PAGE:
Product recalls are set to increase off the back of new guidelines by the UK’s Food Standards Agency (FSA) specifying the processes to trace and remove unsafe food items from the market.
The Guidance on Food Traceability, Withdrawals and Recalls within the UK Food Industry published in February 2019 outlines food law requirements and clarifies the roles, responsibilities and expectations of the key stakeholders involved in the withdrawal/recall of unsafe food in the UK.
“The guidelines are now much clearer and more specific,” says Ian Harrison, Partner and Global Head of Recall Practice Group at Lockton.
“Through the new guidelines the regulator is stating its determination to strictly enforce the requirements".
“Through the new guidelines the regulator is stating its determination to strictly enforce the requirements. This is likely to result in higher cases of product recall as companies will be forced to act precisely according to the rules,” Harrison adds.
The guidelines introduce evidence on the application and effectiveness of legal requirements for food businesses and food enforcement authorities against which to base decisions for change and improvement. They also establish a clearer understanding of consumer awareness of recalls and behaviours in relation to the food recall system.
Specifically, the guidelines require that any “food business operator” (FBO), a term that includes food manufacturers, distributors as well as importers or exporters, identifies its suppliers of food, food-producing animals and any other substance intended to be incorporated into food. An FBO must also be able to identify the business customers to whom they have supplied products.
In order to be able to produce this information to the enforcement authorities on demand, FBOs need to develop a food traceability system and are advised to trade with suppliers and business customers that also have effective traceability systems and procedures in place.
The traceability of the whole value chain is needed to recall a product in the most effective and efficient way should this become necessary. Recent cases include two allergy-related deaths in the UK after the consumption of products from a Pret a Manger sandwich shop, one in 2016 and another in 2017. In the more recent case, the person died after eating a "super-veg rainbow flatbread" which was supposed to be dairy-free but that contained dairy protein, in the previous case the person had a sesame allergy and died after eating a baguette, which did not list the ingredients.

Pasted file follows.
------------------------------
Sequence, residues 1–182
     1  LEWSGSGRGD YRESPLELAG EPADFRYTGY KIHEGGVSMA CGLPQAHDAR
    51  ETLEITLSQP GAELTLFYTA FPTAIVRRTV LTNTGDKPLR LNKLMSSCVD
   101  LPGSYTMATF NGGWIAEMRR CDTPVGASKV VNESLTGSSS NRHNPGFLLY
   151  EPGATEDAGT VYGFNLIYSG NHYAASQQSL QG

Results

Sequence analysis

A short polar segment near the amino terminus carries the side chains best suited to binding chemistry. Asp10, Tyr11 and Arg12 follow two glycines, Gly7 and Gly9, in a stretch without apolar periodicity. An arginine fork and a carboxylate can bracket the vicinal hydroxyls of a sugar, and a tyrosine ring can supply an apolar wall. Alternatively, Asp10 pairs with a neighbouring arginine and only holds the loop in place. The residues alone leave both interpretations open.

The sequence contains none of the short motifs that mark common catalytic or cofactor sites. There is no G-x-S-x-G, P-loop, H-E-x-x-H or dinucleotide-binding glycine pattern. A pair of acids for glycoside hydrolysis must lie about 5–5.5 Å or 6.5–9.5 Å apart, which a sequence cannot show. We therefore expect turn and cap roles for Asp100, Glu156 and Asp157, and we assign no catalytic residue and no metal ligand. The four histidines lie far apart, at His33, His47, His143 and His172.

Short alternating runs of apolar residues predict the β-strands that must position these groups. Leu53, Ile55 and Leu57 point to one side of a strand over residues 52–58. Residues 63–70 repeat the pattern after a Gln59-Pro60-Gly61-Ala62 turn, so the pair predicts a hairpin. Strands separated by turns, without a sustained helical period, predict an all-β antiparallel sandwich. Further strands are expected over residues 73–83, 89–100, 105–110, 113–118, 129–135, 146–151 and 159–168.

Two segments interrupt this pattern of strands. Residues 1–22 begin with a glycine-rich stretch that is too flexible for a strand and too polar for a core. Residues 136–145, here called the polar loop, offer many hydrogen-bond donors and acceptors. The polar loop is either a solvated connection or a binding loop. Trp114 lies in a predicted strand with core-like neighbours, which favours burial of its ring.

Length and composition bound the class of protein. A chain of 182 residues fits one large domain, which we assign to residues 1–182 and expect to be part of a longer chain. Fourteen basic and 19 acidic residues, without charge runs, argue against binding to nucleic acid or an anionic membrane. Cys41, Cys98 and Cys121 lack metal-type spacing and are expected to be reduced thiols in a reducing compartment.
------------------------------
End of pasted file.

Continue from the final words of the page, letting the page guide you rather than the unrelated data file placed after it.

Under the new FSA guidelines, in order to make a decision to withdraw or recall food, the FBO needs to consider “the information provided to the consumer, including information on the label, or other information generally available to the consumer concerning the avoidance of specific adverse health effects from a particular food or category of foods”.
Recalls of unsafe food products already jumped 40 percent year-on-year to 203 in 2017/2018 (ending October) in the UK, according to data from insurance law firm RPC. Recalls specifically related to allergy risk rose 31 percent to 110 over the period.
Food products carrying allergy risk that have been recalled in the last year include gluten-free burgers, which contained undeclared traces of gluten, vegetable spring rolls, which included undeclared seafood, and stracciatella ice cream, which included undeclared nuts. More recently, in February 2019, Asda, Co-op and Waitrose decided to each recall a different product because of undeclared ingredients on the packaging FBOs may need to seek advice from technical experts and are advised to work with their enforcement authority, which depends on the type of food business, to determine the information needed and the steps necessary to carry out an effective risk assessment, the FSA notes.
UK manufacturers operate under significant price pressure, which can lead to greater risk exposure if product quality is compromised in favour of cheaper ingredients. Over half (56%) of manufacturers surveyed in a recent Lockton Food & Beverage Report are having to spend more on insurance.
Lockton’s research shows 44% of manufacturers surveyed are being forced to take out increased liability insurance purely to meet contractual demands from retailers. By pushing responsibility further down the supply chain, retailers are hoping to shelter themselves from any potential fallout should a recall or legal action occur.
A product recall can be an expensive logistical problem to solve, particularly when dealing with retailers who often insert fines or penalties into their contracts to cover instances of food contamination (which insurance won’t always cover).
The cost of a recall may include legal fees, the collection, transport and destruction of products, advertising and communications, which is far more costly than merely increased logistics.
“Product recall/contamination policies are likely to become a critical part of any food manufacturer’s risk planning,” Harrison says.
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